–Engage

“Innovation has nothing to do with how many R&D dollars you have. When Apple came up with the Mac, IBM was spending at least 100 times more on R&D. It's not about money. It's about the people you have, how you're led, and how much you get it.” - Steve Jobs

Breaking down UX

To put it simply there are 6 components to User Experience Design or more simply (less jargony) Product Design, and those components themselve break out into impacting the solution vs. making up the solution.

The impact is strategy, reserach, and validation.
The solution itself is made up of structure, behavior, and presentation.


First the impact …
The foundation of all good Product Design is layed in a mix of great strategy. Built upon clear problem statements that are put together to give an overall direction of a product. These problems statements happen at various levels: business goals, user & customer goals, and market focus & economies.

While Business analysts for years have done well to build strategies based on business goals and market focus, they have not been able to succeed where the designers have in doing research directly on the user, as opposed to markets, trends, and statistics. Its not that these are not useful, but through the user-centered research that designers and behavioral researchers add to the mix the entire team gains insight into the context of use that the older, more traditional methods used do not allow elaboration on. This research guides and molds the strategy mentioned above.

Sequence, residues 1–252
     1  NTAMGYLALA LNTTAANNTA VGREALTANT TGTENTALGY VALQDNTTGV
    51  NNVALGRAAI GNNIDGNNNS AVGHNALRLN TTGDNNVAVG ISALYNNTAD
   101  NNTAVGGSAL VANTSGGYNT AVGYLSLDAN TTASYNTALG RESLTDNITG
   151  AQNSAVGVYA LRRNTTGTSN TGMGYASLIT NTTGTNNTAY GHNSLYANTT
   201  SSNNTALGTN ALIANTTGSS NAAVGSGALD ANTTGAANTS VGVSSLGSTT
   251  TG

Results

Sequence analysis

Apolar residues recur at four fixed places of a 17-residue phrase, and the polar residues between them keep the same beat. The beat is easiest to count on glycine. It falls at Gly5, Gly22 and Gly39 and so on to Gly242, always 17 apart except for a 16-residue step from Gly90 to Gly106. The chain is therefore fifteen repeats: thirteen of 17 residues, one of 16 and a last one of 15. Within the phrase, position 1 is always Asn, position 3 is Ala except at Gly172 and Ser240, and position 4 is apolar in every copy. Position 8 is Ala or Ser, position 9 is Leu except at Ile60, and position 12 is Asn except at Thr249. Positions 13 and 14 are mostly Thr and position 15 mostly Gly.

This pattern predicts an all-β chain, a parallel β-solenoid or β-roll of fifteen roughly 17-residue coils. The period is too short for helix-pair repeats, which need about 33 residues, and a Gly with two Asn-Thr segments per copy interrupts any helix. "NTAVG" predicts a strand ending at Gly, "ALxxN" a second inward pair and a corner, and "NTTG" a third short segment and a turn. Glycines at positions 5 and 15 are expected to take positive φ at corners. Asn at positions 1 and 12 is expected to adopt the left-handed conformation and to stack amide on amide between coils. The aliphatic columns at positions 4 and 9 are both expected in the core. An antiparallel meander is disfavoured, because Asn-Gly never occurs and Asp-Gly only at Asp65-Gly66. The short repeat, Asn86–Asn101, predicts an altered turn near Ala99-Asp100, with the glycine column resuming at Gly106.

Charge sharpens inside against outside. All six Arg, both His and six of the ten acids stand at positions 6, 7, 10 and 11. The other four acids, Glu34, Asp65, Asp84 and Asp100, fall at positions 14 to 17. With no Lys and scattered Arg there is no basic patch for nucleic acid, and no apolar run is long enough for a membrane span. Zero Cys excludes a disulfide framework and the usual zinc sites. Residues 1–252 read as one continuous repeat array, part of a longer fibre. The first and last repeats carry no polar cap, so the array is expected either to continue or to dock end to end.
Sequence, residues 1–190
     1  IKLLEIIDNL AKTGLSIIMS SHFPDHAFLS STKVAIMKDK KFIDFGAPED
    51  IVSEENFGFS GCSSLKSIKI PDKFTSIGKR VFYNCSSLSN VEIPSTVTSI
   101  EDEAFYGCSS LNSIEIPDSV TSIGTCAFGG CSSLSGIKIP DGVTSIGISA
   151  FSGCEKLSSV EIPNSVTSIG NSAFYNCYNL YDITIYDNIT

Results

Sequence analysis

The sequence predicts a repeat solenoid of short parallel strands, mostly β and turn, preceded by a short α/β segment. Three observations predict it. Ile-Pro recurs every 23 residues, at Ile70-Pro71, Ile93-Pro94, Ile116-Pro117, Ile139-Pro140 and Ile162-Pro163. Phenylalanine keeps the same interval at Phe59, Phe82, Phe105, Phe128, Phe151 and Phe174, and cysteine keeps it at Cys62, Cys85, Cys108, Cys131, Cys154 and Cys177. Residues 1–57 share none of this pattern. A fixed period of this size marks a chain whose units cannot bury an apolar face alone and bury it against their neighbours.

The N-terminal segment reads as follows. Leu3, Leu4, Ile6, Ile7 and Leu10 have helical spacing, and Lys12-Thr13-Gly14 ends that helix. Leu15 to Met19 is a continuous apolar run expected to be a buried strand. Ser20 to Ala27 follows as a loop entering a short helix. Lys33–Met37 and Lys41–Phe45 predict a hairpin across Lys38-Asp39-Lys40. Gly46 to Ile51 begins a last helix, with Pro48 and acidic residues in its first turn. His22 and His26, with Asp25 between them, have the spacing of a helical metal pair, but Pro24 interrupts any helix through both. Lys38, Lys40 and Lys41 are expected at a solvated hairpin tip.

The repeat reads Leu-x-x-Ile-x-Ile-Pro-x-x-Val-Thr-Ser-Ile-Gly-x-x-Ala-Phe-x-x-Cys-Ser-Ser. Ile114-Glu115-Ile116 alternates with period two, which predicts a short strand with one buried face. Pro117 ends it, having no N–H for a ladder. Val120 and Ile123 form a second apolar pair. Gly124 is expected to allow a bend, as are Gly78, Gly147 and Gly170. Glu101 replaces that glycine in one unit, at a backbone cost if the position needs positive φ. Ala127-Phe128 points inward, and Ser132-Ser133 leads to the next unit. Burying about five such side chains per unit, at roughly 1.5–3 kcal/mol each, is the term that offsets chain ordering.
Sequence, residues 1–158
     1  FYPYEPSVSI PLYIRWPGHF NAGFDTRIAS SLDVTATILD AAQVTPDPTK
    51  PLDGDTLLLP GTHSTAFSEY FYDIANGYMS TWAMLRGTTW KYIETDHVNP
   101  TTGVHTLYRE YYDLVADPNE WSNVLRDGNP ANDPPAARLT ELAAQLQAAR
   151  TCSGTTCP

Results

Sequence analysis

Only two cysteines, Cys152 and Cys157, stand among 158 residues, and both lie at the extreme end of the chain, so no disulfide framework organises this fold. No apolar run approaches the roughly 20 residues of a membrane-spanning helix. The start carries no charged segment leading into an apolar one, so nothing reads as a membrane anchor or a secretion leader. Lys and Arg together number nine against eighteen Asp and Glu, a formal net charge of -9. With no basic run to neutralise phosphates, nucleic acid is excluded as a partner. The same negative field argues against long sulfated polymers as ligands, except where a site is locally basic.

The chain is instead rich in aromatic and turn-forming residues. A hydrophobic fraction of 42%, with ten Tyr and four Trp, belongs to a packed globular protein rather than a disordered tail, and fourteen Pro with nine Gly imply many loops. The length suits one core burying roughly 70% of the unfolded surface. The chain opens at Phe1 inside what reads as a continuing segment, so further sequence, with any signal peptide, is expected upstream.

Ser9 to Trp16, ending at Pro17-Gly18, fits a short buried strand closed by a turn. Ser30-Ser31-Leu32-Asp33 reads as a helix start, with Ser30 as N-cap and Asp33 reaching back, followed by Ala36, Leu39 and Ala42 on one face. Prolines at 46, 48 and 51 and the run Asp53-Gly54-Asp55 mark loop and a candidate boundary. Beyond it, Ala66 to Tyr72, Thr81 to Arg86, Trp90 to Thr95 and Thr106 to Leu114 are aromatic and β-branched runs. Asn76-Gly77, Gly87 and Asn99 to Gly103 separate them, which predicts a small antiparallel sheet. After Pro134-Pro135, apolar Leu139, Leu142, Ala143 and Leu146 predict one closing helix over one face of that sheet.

Strategy is then used to create a solution. That solution is prototyped, validated and iterated on. Then after validating and doing the analysis to create new iterations the design team brings the solution together.

The solution …
A solution is made up of 3 components. Structure, behavior, and presentation. Each of these contribute over a continuum to both the form and function of a solution:

  • Structure – This is where objects of a system are defined. What properties make up these objects, what metadata helps to organize them, and what typing will be used to help determine algorithmic decisions that will help with both behavior and presentation. Structure also helps manages the relationship of objects. Again, which can help guide possible behaviors and presentations.
  • Behavior – Every object has properties that are defined in its structure that help determine behavior. Does an object listen for human intervention? What possible set of responses for the interventions that a human can do, can it respond with? Some behaviors are actually changes in structure and presentation which can then cause a cascade of events that make for an interesting set of “intelligent” decisions.
  • Presentation – How is the structure and behavior communicated to the user so that they can intuit or otherwise learn not just what the solution can do, but more importantly what it might be able to do for them.

As time progresses I’m going to address these components and try to connect them all together with more content. But for now I see this breakdown as a means of expressing the components of user experience design by avoiding words that are otherwise loaded as they are too connected to people’s current titles or “disciplines” or “associations”.

I have been asked to break these down though and while I understand that people’s roles are different than their titles, the way it comes to me is …

  • IMPACT
    • strategy = experience design; experience planning
    • research = HCI, behavioral research
    • validation = usability testing
  • SOLUTION
    • structure = information architecture
    • behavior = interaction design
    • presentation = graphic design, information design, communication design, UI design

These are my thoughts … feel free to flame, suggest, or otherwise engage me here.

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